And the level of support rises as respondents get younger.
We somewhat doubt the veracity of the research and wonder if people are confabulating “ISIS”, “Gaza” and “Hamas” in their minds. In any event, it’s a sad and sorry finding even if it’s only partly accurate, and the radicalisation of Islamic youth is one of the most distressing and tragically predictable outcomes of the growth of so-called “identity politics”, which is now playing out throughout the West, and increasingly in a new black-white divide in America, as well.
But despite this survey it would be wrong to see this phenomenon as something unique to young followers of Islam. Indeed, as one of the sources quoted in the article remarked:
The rise of identity politics has helped create a more fragmented, tribal society, and made sectarian hatred more acceptable generally. At the same time, the emergence of “anti-politics,” the growing contempt for mainstream politics and politicians noticeable throughout Europe, has laid the groundwork for a melding of radicalism and bigotry. Many perceive a world out of control and driven by malign forces; conspiracy theories, once confined to the fringes of politics, have become mainstream.
It is so. This isn’t a religious thing. It’s all about contemptuous disenchantment and disempowerment.
That said, the fact that we actually find most interesting in the graph above is the much LOWER figure – virtually negligible, in fact, in polling terms – in Germany.
In our analysis, this can be explained by three simple factors.
Whilst there is racial tension within Germany – particularly where the Turkish immigrant population is concerned, it is less of a problem than elsewhere.
Even with the persistent (if small) growth in Neo-Nazi skinhead violence, the vast majority of Germans utterly reject the balkanisation of politics based on race. Given their recent history, and the efforts the State makes to prevent racial abuse or anything that smacks of it, this is laudable and not at all surprising.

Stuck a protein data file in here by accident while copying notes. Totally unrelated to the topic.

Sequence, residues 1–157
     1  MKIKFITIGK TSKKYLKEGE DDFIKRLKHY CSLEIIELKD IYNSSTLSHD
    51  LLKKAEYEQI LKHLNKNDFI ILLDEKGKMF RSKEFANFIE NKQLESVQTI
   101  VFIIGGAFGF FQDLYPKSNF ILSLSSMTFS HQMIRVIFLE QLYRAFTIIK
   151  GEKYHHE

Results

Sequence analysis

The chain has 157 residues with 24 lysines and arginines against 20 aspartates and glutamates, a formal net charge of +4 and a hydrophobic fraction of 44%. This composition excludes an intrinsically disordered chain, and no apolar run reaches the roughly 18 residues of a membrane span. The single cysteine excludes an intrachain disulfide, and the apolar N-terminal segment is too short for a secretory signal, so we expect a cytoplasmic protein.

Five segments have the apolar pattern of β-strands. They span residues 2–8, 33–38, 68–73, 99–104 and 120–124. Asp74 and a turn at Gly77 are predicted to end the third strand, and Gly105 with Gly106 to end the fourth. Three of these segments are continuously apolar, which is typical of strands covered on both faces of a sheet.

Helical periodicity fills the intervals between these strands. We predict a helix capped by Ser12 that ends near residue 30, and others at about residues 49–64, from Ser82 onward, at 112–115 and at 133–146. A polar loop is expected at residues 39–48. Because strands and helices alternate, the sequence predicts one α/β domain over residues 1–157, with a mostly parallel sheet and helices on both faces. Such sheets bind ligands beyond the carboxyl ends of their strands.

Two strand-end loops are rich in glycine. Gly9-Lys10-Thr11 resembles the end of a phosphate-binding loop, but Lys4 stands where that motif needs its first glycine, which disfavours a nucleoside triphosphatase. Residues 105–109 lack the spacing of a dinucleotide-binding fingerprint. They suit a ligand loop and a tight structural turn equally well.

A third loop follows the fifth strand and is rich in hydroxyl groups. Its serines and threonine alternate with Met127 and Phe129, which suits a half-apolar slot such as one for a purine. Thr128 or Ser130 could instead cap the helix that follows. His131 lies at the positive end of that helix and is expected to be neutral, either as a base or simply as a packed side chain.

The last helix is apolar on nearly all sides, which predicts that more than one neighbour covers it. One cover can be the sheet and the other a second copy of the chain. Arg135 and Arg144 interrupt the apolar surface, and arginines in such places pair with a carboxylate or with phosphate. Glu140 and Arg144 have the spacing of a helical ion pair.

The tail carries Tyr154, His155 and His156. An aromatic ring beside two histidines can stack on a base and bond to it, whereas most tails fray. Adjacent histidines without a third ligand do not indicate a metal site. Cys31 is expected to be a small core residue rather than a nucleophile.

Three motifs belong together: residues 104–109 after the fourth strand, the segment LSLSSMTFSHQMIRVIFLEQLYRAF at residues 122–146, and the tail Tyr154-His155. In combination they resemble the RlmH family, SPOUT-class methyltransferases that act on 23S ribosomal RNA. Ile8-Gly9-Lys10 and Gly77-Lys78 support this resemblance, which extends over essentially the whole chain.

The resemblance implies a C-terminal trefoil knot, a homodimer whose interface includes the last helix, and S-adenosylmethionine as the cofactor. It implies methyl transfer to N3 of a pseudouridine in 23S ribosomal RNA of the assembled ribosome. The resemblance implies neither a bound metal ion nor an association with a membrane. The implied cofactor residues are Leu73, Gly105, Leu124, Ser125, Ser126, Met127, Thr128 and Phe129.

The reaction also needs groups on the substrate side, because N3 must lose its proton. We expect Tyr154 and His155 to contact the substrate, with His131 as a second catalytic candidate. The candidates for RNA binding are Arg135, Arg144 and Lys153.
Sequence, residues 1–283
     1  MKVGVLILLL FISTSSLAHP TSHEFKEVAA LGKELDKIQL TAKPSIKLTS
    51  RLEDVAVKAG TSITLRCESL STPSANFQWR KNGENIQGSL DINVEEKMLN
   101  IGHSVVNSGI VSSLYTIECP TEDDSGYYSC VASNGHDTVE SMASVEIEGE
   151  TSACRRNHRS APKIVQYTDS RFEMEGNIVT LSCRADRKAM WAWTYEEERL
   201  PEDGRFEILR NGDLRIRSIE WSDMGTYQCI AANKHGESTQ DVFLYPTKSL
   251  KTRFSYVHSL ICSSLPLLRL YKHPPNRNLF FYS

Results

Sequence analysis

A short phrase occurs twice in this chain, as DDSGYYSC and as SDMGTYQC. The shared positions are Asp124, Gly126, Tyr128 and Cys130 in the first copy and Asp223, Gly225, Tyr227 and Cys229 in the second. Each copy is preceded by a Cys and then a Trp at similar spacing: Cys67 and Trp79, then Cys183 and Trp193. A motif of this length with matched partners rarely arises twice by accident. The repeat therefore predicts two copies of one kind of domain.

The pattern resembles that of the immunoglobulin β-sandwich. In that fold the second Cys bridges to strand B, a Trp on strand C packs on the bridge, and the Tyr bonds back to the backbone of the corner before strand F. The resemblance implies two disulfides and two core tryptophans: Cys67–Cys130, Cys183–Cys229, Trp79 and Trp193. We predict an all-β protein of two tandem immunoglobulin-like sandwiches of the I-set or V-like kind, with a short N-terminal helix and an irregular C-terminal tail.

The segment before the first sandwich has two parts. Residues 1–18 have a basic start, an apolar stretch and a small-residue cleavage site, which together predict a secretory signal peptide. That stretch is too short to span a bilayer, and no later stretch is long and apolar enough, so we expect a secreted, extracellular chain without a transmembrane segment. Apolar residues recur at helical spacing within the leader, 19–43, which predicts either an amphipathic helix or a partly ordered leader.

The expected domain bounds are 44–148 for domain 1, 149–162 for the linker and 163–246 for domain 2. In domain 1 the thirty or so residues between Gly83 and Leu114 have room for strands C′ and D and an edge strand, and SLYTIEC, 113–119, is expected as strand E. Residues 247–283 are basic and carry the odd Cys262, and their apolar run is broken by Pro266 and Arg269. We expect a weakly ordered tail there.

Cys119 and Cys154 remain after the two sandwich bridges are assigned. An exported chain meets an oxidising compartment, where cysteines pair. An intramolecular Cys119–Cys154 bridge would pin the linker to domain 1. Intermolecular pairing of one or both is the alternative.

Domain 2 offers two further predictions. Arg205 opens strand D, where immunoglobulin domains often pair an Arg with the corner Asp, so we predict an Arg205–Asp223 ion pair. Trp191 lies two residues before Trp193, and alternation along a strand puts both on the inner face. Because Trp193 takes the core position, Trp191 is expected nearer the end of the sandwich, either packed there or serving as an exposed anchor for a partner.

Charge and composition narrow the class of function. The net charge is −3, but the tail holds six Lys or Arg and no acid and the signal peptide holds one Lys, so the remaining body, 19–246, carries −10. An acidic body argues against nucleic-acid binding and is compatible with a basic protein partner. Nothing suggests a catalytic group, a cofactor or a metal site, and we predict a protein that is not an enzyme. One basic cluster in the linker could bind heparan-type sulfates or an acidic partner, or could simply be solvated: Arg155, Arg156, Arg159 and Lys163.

Another differentiator, of course, is that much of the Islamo-fascism currently being exhibited in the world is explicitly anti-Israeli and by extention anti-Jewish, and expressing sentiments that could possibly be interpreted or misinterpreted as anti-Jewish in Germany is still well-nigh impossible, again for very obvious reasons.
The third reason, and this is very significant, is that the German economy is significantly wealthier and more successful than the British, or the French. There is plenty of education and work to be had, and both are the perfect balm for the vast majority of young people, of all racial backgrounds, who might otherwise be led into more extreme conclusions about society.
Unemployment – especially youth unemployment – is the perfectly fertilised and endlessly productive seed bed for extremism of all kinds, whether you look at 1789 France or France last year, 1917 Russia, 1933 Germany, 1970s Northern Ireland, the “Arab Spring” of 2011, or America, France and Britain today.
And where that unemployment falls most onerously on any particular racial or religious groupings, particularly a grouping that considers itself as a minority, then you have a recipe for immediate and predictable disaster.